Lincoln: Newport Arch and lorries

CA_Lincoln_arch

1971

The Newport Arch forms the northern gateway of the Roman colonia of Lincoln. It is one of the most important pieces of extant Roman architecture in Britain. However it does seem to be vulnerable to lorries. A feature on the excavations at Lincoln appeared in a special number of Current Archaeology (May 1971; Christina Colyer, ‘Lincoln, pp. 67=71), and the cover showed the damage in 1964. The gate has been struck again today.

Local authorities need to restrict access to these important parts of our heritage.

Walking the walk

The best way to explore heritage close up is, of course, on foot.  Heritage explorers typically spend more time looking up at the buildings, sites and features around them than looking down at the ground, but a new site recently launched in the US, and featured on the architectural design newsletter Curbed, is encouraging us to consider the history which our feet are padding across.

 

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“Plan of the City of Toronto,” 1909, using color and hatching to show different types of pavement.  (Toronto Reference Library)

Historic Pavement, developed by Robin B. Williams, Ph.D., Chairman, Architectural History department, Savannah College of Art and Design is setting out to document the remarkable diversity of historic street and sidewalk pavement design in America. It’s quirky and great – and in the About section, I am particularly thrilled that a fellow heritage fanatic was inspired by oddities when young. (I should admit that I spent hours, aged 6 or 7, creating a primary school project on the varied design of lamp-posts in my home town).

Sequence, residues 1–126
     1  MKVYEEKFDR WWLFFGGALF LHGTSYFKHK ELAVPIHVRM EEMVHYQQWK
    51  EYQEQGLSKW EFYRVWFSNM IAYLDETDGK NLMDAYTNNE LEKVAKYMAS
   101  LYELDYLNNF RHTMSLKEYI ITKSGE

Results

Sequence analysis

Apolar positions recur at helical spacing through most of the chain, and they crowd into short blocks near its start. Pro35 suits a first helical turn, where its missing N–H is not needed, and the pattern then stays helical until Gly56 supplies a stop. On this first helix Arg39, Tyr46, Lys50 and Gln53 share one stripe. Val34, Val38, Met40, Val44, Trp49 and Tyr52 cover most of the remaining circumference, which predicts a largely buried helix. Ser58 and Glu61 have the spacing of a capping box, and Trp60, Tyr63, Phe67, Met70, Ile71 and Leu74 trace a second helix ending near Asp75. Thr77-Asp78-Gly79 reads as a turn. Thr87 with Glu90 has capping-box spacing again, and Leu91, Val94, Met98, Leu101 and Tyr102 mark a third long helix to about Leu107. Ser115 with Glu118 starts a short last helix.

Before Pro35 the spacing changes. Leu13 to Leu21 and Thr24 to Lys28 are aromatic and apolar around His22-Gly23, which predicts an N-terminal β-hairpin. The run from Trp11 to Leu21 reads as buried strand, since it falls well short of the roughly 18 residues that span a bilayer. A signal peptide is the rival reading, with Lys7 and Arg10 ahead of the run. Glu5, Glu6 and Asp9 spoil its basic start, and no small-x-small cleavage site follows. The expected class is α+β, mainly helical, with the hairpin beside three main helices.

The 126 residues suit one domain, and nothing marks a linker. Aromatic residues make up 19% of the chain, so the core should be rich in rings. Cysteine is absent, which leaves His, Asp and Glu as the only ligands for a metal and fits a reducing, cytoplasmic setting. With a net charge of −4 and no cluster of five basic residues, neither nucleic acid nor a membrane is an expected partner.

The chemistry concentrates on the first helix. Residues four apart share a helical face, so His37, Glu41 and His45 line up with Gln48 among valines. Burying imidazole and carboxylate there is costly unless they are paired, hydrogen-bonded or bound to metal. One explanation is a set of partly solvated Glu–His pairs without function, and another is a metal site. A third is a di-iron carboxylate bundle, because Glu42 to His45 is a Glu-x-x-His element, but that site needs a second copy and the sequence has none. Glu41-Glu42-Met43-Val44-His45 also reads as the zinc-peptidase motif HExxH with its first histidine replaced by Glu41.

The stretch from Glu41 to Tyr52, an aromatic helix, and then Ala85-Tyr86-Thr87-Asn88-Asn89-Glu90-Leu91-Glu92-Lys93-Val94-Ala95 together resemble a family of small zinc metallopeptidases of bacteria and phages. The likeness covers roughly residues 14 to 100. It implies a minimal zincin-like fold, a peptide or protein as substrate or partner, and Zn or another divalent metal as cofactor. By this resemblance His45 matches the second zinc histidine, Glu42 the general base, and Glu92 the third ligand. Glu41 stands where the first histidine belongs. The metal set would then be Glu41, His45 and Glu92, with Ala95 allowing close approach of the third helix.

Here in the UK, Historic England (then English Heritage) ran a campaign over a decade ago, entitled Streets for All, which looked on a regional level at the management of streets holistically to make the most of the historic features and design which ‘modern’ highway management often made a mess of.  Pavement design and materials were considered in this work, along with wider street furniture (benches, signs, barriers) – and it is interesting or depressing (depending on your point of view) to see which bits of advice and guidance have been followed or ignored in the period since.

 

street-furnitureThe formalities of street design and management is all well and good (see the English Government’s current Department for Transport guidance), but aesthetics of the places we spend time wandering along are important – this is reflected in the more recent guidance produced to support Listing criteria, on Street Furniture.

 

I am reminded again, therefore, to spend time looking up and down.